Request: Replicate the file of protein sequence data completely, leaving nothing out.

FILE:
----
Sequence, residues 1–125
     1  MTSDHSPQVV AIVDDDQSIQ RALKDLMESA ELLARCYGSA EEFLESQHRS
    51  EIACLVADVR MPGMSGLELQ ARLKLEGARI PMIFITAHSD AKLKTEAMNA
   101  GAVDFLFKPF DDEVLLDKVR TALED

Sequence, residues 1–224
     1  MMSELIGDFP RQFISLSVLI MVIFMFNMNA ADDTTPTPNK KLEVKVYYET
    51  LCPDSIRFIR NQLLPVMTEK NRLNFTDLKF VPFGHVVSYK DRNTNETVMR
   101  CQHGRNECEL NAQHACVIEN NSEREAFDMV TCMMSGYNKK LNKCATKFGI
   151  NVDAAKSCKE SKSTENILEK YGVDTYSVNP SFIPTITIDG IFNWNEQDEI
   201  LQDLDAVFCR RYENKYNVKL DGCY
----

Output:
Sequence, residues 1–125
     1  MTSDHSPQVV AIVDDDQSIQ RALKDLMESA ELLARCYGSA EEFLESQHRS
    51  EIACLVADVR MPGMSGLELQ ARLKLEGARI PMIFITAHSD AKLKTEAMNA
   101  GAVDFLFKPF DDEVLLDKVR TALED

Sequence, residues 1–224
     1  MMSELIGDFP RQFISLSVLI MVIFMFNMNA ADDTTPTPNK KLEVKVYYET
    51  LCPDSIRFIR NQLLPVMTEK NRLNFTDLKF VPFGHVVSYK DRNTNETVMR
   101  CQHGRNECEL NAQHACVIEN NSEREAFDMV TCMMSGYNKK LNKCATKFGI
   151  NVDAAKSCKE SKSTENILEK YGVDTYSVNP SFIPTITIDG IFNWNEQDEI
   201  LQDLDAVFCR RYENKYNVKL DGCY